Women in business – that used to be a radical phrase and when I say “used to be” I am referring to my teens. Now, women are ubiquitous in Western businesses. Some, like Meg Whitman and Carly Fiorina, have gone on to great notoriety and made the leap from business to politics and back again. We have had three women serve as Secretary of State, two run for the office of Vice President and one run for President. In all, those are impressive statistics – or are they?
Sheryl Sandberg is the COO of FaceBook and stands to be the one of the richest women in America upon the company’s IPO, a woman who has “made it.” But she recently pointed out the continuing inequities in the workforce and the stagnation of progress. Here she addresses TEDWomen in which she discusses the statistics and the road to improving those numbers. http://www.ted.com/talks/sheryl_sandberg_why_we_have_too_few_women_leaders.html
This inspired me to look at the franchise sector as a microcosm of U.S. business and see how women fared. While at the IFA2012 Convention I sat down with Nancy Weingartner, Executive Editor of Franchise Times, at the booth of EH Anderson PR to discuss the role of women in franchising. Here is our conversation. http://www.youtube.com/watch?v=BFgA8ERu9tk&list=UUZl4-A3FAtuxIuLeDiW42aQ&index=3&feature=plcp
We are right in the middle of the demographic and that’s not good enough. The sector is broken into two different groups: franchise and supplier. The franchise sector is not doing as well as the supplier sector and I think much of that is driven by two things: 1) Women start more businesses in the supplier section than are franchisors and 2) many franchise systems have been acquired by larger companies and so the global demographic is imposed on the sector as a whole. But it is not hopeless – we have great women leaders who want to make opportunities for more women. Kat Cole of Cinnabon gave an impassioned presentation at the Women’s Leadership Conference at IFA 2012 in which she told her story and stressed the importance of networking and connections and now she works hard to give back. In that same program Jania Bailey of FranNet and Debbie Shwetz of Nothing Bundt Cakes showed how to build strong and dynamic brands having the right blend of talent – male and female.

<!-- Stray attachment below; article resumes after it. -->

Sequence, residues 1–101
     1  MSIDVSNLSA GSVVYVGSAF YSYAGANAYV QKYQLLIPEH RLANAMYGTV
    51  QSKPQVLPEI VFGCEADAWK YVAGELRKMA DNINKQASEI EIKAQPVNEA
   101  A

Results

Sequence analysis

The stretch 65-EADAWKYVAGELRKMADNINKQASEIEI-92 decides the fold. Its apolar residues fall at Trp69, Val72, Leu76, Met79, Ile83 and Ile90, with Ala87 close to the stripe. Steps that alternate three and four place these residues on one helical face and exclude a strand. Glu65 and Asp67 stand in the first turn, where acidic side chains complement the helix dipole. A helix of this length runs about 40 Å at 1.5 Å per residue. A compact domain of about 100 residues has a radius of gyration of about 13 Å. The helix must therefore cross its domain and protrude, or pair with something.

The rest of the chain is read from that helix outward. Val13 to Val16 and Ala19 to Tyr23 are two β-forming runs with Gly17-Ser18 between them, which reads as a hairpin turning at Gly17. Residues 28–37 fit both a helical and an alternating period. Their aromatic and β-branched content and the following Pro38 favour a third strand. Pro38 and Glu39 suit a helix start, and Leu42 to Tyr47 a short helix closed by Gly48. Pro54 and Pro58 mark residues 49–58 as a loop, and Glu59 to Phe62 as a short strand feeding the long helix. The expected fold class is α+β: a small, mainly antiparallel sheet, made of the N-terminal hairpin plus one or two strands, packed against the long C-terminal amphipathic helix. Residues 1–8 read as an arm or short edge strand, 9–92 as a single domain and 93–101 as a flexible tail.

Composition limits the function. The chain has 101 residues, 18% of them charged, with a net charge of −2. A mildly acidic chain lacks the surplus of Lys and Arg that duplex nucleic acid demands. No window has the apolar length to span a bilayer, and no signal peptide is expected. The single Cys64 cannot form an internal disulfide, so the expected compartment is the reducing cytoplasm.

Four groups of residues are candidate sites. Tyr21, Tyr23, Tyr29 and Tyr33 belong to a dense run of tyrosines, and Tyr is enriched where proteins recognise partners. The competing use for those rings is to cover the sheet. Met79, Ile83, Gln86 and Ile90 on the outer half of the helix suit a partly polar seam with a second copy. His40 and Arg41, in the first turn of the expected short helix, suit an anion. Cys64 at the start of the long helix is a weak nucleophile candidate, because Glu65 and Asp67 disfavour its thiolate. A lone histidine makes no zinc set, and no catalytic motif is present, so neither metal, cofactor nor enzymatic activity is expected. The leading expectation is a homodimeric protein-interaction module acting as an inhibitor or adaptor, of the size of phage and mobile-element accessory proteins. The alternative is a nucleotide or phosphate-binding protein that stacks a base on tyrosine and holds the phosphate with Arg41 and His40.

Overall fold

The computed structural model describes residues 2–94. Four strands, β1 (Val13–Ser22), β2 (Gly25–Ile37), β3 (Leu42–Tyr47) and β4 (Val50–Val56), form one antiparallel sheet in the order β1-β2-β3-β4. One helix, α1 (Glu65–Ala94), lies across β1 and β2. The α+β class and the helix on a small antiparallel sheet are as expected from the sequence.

We can make change and ripple it out through the country. The statistics are clear that in today’s economy more women than men are starting and successfully running small businesses, so what is stopping us from growing beyond the 15-20% glass ceiling?
What opportunities do you want for your daughters, sisters, wives and friends? It’s all up to us and I believe franchising, that is leading this country from the recession, can also lead us to true gender equality.